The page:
Ideally one has both limes and lemons, but as bartender Joaquín Simó of New York bar Pouring Ribbons expressed it to me, Lemons are sour, and limes are tart. Lemon juice adds a real punch of acidity to a dish, whereas lime sort of nudges it down a tart path. I use lemons to stuff chickens and deglaze their pans for easy gravy. I squeeze them into homemade bourbon sours and over pasta. If a dish is lacking something, I ask myself if it's lemon.


Everyone has their emergency canned protein, and props to those of you who bust out high-quality anchovies and salmon as your go-to snacks, but I always have good tuna on hand, splurging on Genova or Cento packed in olive oil when I can. It makes for instant snacks or-if I have bread-tuna melts when I walk in the door ravenous, and I've been playing around with layering it into pasta with olive oil, capers, and roasted garlic. (Yum!)


I'm a New Englander, and even at my most broke in this life-my pants had holes; I couldn't afford health insurance-I'd buy good, unsalted, European butter. These days some domestic butters are just as lovely, and the price has gone, blessedly, way down.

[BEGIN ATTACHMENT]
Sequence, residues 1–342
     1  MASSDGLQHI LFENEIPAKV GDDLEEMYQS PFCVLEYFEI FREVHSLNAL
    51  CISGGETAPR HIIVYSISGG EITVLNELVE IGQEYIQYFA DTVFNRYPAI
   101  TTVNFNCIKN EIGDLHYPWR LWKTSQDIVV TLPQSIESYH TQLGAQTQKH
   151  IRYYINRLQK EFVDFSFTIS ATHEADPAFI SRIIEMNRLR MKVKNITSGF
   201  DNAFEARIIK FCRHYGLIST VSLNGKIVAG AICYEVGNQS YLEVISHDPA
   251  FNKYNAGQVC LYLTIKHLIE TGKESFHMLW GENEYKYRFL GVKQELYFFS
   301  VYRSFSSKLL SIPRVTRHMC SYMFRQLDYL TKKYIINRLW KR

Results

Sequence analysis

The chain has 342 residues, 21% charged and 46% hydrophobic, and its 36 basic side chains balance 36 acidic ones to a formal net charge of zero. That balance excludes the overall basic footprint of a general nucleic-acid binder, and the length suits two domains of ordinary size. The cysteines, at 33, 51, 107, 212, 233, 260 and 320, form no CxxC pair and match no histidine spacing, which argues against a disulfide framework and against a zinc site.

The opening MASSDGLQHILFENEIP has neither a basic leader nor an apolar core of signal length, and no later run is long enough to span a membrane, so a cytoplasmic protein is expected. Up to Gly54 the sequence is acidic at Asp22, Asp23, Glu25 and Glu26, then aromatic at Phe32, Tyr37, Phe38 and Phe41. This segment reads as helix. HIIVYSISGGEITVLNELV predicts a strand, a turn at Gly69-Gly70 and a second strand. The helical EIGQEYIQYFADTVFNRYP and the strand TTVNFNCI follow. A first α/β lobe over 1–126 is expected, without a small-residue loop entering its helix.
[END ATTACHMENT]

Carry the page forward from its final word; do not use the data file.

Olive oil

Yes, this list is heavy on proteins and fats, which testifies to the foods that power me; I'd fight you for cheese, but never for a box of pasta. My belly rumbles when I've had biscuits or French toast for breakfast, but not when I've wolfed a few tablespoons of cannellini beans sautéed in olive oil with onions and garlic and seasoned with lemon.


An acquaintance, observing my twitchy salt trigger hand at the table, once joked that I should have a salt lick installed in my home. I'm a big fan. I love that you can season lightly at the beginning of cooking in order to cut down on how much you need later. (Pasta water, for example, should be seasoned with at least a tablespoon.) I always have Kosher and sea salt on hand, and sprinkle the latter liberally on eggs and avocados.